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From my personal research, it appears that OData implementations depend extensively on MS Entity framework. It would seem possible to implement the OData producer protocol using an open ORM like NHibernate in C# or Hibernate in Java.

In the best of all worlds, it would be cool to expose data using OData protocol from Oracle. I am open to other open solutions like Java, JRuby, etc.

Thanks in advance for your time.

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" it appears that OData implementations depend extensively on MS Entity framework". Given OData's provenance, that's hardly surprising. –  APC Jun 17 '10 at 21:31
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4 Answers

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Actually Entity Framework is just one of the providers (although the easiest one to start with). You can definitely use NHibernate and I've seen lot of people do that. There are still some dark corners, but for the most part this works just fine. You can also write your own provider (which is lot of work though), for this see the OData Provider Toolkist at http://www.odata.org/developers/odata-sdk. Last week Oracle also announced that they will release an official Oracle provider for Entity Framework, so using that you can use the EF as the OData provider.

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There's a tutorial here: WCF Data Services and OData for Oracle Database.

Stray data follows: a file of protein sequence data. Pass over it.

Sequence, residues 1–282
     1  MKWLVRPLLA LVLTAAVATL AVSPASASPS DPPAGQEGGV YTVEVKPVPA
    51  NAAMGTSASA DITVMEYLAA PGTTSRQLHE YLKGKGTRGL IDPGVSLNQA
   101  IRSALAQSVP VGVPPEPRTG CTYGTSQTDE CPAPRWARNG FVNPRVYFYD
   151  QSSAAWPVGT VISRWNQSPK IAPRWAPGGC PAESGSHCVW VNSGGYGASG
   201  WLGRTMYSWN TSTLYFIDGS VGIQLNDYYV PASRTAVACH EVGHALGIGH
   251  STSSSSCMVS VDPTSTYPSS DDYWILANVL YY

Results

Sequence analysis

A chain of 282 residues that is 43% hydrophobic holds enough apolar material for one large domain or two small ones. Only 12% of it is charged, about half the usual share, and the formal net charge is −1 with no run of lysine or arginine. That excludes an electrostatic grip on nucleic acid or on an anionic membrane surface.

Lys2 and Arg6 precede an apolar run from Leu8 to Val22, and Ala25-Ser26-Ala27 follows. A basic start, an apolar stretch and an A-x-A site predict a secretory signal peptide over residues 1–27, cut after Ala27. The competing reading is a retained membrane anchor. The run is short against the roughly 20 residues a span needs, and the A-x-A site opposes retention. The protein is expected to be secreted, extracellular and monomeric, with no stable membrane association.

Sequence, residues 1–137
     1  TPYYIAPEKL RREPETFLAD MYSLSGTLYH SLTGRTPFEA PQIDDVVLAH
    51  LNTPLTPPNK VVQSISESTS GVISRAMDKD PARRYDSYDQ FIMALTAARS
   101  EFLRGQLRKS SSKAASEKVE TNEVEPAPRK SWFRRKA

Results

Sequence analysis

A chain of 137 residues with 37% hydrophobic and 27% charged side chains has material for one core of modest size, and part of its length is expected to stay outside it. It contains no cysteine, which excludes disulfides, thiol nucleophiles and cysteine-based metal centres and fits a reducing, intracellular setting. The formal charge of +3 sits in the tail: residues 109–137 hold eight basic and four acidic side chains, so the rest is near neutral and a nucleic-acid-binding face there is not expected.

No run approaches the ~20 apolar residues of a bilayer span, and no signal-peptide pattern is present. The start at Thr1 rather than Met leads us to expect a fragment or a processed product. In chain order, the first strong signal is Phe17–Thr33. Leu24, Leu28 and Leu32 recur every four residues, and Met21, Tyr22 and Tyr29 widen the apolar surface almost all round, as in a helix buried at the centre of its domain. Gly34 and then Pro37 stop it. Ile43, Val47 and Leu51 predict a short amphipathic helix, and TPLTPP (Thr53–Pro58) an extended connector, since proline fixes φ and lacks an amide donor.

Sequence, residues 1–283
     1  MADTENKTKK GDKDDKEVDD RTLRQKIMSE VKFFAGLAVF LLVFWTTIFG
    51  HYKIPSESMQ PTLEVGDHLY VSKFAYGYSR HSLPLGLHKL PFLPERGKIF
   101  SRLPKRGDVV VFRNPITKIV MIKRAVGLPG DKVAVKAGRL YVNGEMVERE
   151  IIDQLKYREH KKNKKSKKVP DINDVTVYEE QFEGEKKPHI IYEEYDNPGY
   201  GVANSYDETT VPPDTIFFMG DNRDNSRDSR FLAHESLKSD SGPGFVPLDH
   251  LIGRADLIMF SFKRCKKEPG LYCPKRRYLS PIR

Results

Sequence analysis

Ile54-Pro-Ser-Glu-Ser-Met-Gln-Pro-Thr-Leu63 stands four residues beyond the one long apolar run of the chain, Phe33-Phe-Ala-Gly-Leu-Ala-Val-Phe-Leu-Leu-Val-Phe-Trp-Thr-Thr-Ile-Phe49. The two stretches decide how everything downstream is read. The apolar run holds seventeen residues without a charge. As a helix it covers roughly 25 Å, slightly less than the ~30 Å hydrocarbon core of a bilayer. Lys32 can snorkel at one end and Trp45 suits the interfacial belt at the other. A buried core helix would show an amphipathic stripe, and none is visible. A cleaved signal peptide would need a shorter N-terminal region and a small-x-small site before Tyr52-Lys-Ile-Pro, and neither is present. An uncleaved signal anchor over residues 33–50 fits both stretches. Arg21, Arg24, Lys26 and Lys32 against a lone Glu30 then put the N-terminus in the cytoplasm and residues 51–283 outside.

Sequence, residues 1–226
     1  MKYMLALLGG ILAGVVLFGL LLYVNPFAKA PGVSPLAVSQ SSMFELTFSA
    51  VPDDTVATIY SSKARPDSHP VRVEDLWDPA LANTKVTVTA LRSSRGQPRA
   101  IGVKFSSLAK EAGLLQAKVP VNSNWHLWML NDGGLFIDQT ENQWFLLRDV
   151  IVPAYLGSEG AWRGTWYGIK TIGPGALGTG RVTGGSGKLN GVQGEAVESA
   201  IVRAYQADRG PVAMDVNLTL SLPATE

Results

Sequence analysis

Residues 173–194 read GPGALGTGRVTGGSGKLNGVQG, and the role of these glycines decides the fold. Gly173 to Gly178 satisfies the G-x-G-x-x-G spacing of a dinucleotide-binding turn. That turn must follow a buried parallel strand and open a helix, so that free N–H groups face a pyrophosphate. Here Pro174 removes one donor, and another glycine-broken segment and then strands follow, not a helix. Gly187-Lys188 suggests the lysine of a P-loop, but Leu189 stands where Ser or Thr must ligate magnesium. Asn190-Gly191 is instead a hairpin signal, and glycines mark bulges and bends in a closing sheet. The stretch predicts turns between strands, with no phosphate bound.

Step 5 on pre-requisites has a link to download the files.

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Entity Framework is just one solution for exposing OData. The advantage of this solution is that it's the easiest one.
The good news is that Entity Framework works with Oracle. As Vitek Karas wrote, Oracle will support Entity Framework by then end of the year. But you don't have to wait. Other providers exist. See the products from Devart and Data Direct, for example.

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Try using the "Reflection Provider" which is geared towards POCO-based OData. It's easy to map this to any LINQ-enabled ORM - for that step I assume you could use DbLinq for your LINQ-to-Oracle layer.

This article gives an example:

http://blogs.msdn.com/b/alexj/archive/2010/06/11/tip-56-writing-an-odata-service-using-the-reflection-provider.aspx

In my own findings I didn't even use the attribute markup, though it seems helpful to do so.

As alluded to elsewhere you can also write a complete custom provider, but that seems like unnecessary work given the existence of the reflection provider. Hope it helps!

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